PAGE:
In addition to making lines, the game has a second button, which will use a bomb. When you use a bomb, all bullets on screen turn into point pickups. They are limited, however, so use them carefully. Also, if you surround a regular enemy, they will drop a powerup. What you get is random, but what you want the most are Speed powerups. Speed is crucial in this game! You MUST get speed powerups to stand a chance, and you drop them when you lose a life. Fortunately they aren’t permanently lost, though, but instead go bouncing around the screen. They will vanish after a few seconds, though, and you’re at the slowest speed, so getting them all back while avoiding dying again can be difficult and frustrating. It’s best to not get hit in the first place. :p When you set off a bomb or surround a regular enemy, they generate a circle of point-star powerups; for bullets they turn into point stars, while for regular enemies they generate a circle of point stars which move outwards towards the edge of the screen after you kill them. Collect these for points and to build your Combo counter; more on that below.
The Screen and Onscreen Displays
Gal Pani X puts a lot of info into the status display on screen. First, the game displays your current life and bomb counts, of course. Your score is also on screen, and also your time remaining. The game also tells you your current Combo and max combo you’ve gotten during the current stage; combos build as you grind against edges of enemies or bullets, remember. One other meter is vital, the red and green bars which show how much of the screen, and of the hidden picture, you have revealed. Bright green boxes represent revealed parts of the portrait; dark green, unrevealed parts of the portrait up to the percent needed to clear the stage at a minimum percent-completed bar; and red, the parts of the portrait beyond that limit. Once you hit the red the stage ends, you win. To get 100% you must surround the entire red area at once.
If you hit ESC on the keyboard or a button on your gamepad (it’s on button 3 or 4), a pause menu appears. Here you can quit to the menu, take a screenshot of the current screen if you have unlocked this option, and retry the stage if you are in Mission or Score Attack modes. You can also save replays of levels after beating the stage if you wish, a nice option.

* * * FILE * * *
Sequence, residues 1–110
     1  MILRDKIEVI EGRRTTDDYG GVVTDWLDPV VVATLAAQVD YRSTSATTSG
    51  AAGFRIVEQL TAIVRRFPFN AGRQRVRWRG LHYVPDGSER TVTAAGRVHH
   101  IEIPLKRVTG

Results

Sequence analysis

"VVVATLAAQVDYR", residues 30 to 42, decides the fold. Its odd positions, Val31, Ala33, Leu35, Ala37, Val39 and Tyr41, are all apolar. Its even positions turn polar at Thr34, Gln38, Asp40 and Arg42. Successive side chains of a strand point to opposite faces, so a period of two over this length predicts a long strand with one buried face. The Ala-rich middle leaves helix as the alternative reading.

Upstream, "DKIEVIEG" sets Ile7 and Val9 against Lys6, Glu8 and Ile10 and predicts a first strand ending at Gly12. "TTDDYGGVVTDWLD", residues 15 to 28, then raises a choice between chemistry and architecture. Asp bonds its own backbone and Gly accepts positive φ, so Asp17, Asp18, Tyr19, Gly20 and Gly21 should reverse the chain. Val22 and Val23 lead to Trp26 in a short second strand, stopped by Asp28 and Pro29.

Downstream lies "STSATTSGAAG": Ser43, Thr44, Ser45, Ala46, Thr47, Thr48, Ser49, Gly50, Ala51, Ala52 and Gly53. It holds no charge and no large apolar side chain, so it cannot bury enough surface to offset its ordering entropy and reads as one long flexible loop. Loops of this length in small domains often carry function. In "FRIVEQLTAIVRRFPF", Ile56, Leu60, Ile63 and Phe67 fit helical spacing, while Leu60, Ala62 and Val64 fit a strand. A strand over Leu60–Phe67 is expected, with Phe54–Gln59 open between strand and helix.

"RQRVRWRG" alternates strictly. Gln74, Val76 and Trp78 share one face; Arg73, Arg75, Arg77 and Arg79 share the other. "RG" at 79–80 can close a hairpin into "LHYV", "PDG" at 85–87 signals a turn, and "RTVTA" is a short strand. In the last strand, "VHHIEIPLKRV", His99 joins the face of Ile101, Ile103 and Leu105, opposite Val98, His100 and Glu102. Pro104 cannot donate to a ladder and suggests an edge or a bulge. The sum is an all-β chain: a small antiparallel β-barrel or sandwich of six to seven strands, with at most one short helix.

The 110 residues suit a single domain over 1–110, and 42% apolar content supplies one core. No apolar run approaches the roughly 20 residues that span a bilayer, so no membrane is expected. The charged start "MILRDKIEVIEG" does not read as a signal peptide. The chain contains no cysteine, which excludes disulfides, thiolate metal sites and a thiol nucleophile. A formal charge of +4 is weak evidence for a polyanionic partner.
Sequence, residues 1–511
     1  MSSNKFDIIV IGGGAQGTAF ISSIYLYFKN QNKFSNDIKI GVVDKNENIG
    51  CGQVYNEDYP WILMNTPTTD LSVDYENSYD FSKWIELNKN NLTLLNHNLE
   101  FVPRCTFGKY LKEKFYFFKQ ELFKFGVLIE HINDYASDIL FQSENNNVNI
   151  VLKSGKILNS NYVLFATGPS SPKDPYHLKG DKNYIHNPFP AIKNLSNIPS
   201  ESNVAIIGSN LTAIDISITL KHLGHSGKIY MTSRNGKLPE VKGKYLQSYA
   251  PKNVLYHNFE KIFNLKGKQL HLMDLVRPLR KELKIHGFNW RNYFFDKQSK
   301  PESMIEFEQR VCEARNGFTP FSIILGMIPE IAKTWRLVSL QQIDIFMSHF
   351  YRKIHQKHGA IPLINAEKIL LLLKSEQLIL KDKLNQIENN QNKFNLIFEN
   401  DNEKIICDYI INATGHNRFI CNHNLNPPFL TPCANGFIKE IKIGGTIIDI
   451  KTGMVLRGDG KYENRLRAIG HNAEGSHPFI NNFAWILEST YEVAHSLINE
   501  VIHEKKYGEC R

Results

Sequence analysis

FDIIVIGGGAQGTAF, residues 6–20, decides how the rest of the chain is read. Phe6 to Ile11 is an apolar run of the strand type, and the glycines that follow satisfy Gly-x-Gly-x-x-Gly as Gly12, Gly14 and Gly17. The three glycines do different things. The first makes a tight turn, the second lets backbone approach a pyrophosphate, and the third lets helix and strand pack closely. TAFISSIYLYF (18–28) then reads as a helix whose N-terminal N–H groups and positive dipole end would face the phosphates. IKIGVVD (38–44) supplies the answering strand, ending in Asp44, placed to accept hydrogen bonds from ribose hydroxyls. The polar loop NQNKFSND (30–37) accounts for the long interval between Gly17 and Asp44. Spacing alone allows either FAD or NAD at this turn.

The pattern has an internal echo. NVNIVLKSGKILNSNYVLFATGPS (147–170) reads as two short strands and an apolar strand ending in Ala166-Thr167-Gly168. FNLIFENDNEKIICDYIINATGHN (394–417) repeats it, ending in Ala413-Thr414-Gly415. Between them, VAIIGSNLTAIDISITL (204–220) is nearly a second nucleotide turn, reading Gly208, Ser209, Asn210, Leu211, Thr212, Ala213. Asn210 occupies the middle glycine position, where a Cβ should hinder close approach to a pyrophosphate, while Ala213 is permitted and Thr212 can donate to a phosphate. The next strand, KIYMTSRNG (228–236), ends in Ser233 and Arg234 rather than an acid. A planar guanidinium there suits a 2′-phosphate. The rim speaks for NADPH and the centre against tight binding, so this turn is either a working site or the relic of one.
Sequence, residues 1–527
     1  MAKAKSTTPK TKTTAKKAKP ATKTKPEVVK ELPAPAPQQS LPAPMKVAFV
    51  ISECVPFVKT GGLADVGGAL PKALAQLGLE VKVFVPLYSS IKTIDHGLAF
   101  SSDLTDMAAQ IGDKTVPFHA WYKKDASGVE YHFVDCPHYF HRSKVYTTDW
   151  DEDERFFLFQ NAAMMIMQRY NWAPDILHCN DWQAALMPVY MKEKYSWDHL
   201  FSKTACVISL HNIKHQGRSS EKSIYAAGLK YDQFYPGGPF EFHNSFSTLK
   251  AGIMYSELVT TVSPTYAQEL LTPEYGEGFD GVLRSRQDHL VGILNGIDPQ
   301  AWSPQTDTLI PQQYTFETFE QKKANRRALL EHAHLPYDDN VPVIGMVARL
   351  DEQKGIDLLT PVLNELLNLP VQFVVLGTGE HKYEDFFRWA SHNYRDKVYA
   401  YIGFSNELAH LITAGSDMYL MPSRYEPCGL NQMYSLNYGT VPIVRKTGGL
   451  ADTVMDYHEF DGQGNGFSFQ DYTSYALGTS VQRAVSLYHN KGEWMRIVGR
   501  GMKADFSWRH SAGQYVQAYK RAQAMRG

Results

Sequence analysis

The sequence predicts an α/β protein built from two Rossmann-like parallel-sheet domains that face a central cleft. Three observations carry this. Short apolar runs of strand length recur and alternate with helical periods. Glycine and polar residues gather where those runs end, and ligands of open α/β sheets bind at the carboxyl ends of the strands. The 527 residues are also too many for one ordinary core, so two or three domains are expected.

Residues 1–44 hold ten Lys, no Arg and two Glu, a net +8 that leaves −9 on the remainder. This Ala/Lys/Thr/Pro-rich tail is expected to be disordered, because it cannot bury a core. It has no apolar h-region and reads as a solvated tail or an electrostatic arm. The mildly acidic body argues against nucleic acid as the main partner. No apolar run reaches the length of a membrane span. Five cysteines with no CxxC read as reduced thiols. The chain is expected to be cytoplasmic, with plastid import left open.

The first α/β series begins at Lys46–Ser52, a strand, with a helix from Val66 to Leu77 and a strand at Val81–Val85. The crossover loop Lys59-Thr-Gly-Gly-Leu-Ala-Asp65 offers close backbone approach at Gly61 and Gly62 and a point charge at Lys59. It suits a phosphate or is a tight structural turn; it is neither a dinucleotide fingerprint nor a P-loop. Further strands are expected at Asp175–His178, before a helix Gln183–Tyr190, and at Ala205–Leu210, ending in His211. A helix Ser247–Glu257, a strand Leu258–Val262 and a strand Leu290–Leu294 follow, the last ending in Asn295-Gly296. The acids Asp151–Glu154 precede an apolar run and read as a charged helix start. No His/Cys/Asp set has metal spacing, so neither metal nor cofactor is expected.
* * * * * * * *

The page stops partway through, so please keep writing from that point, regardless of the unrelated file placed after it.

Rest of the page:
While playing the game though, it can be hard to keep track of everything that’s going on on screen at any one time. YOu will often have your little marker; perhaps a line, if you’re off of the revealed area; a large, colorfully-drawn boss; five or more regular enemies; and a screenfull of bullets, lasers, and missiles, all at the same time! You’ll just need to get used to the chaos with practice. The game will move the status box into the opposite corner if you are in the area it usually displays, though; that is helpful. But beyond that, memorization really is key. You will need to learn how each boss fights, which attacks it will use, and such. There are a wide variety of attacks, and each requires different strategies to dodge the bullets. Sometimes you have to carefully weave through waves of bullets, other times just get out of the way of a giant laser blast, and others keep moving as a homing missile tracks you, for instance. While bullets are on screen you should not leave the revealed area unless you are VERY sure that they won’t touch your line, of course — remember that if a bullet touches the line, you lose a life and your speed powerups go flying.
One important suggestion I have is to enable the option that shows all hitboxes. You can’t do this at the start of the game, but instead unlock it, I think by beating the game and such, or maybe through play time. Once unlocked, it’s great! This option significantly affects the graphics, as it draws bright solid red boxes over the middle of every sprite covering over the great sprite work, but the benefit is that now you will have no more guesswork, no more of those times where you say ‘but I thought I was safe there’. I usually play with this option on; I’d rather know where the hitboxes are than see the nicer graphics. This may be an option you have to unlock, I should note, but once you do unlock it, I highly recommend playing with it on for at least a while. It’s a HUGE help. All of the screenshots in this review have this on because that’s how I play the game, even if it looks worse.